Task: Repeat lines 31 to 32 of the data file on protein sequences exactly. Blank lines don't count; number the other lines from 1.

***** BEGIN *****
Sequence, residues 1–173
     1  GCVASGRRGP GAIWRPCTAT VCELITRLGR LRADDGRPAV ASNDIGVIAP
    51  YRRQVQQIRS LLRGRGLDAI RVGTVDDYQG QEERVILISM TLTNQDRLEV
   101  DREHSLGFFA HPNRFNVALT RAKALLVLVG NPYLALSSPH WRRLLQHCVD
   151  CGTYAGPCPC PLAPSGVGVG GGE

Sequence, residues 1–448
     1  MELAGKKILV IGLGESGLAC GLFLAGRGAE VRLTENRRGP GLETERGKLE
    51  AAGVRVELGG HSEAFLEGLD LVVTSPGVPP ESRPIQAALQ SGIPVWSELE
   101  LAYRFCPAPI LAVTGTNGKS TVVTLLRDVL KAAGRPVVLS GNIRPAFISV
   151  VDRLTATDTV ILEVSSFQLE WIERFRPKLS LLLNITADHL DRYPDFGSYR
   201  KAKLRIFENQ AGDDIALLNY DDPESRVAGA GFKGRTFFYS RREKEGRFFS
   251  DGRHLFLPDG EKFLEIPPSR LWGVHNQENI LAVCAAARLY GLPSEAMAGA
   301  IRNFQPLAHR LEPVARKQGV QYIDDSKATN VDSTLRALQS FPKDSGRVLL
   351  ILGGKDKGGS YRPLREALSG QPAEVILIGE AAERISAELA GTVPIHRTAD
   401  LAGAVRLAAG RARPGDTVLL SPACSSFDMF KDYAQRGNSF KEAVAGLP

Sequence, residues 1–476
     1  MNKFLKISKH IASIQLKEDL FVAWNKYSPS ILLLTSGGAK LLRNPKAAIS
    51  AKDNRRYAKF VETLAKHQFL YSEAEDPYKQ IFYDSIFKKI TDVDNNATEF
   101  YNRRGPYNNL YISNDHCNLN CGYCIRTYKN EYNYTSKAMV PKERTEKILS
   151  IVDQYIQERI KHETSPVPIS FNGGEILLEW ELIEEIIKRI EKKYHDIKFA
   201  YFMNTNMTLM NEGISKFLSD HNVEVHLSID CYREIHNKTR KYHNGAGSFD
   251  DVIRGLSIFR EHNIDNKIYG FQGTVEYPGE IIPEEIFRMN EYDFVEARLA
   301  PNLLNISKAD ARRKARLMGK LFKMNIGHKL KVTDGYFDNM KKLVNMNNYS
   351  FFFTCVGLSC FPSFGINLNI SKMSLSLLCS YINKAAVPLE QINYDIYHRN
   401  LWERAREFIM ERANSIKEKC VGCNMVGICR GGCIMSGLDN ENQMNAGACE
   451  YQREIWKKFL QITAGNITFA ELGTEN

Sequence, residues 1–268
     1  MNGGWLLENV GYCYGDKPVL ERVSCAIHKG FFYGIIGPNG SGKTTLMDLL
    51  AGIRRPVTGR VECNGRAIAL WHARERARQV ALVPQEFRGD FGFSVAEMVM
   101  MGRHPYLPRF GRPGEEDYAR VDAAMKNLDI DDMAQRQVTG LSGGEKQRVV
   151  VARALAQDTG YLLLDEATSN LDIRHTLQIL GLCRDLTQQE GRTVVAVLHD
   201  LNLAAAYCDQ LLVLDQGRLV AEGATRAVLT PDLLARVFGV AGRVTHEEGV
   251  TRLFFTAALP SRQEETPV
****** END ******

   151  VARALAQDTG YLLLDEATSN LDIRHTLQIL GLCRDLTQQE GRTVVAVLHD
   201  LNLAAAYCDQ LLVLDQGRLV AEGATRAVLT PDLLARVFGV AGRVTHEEGV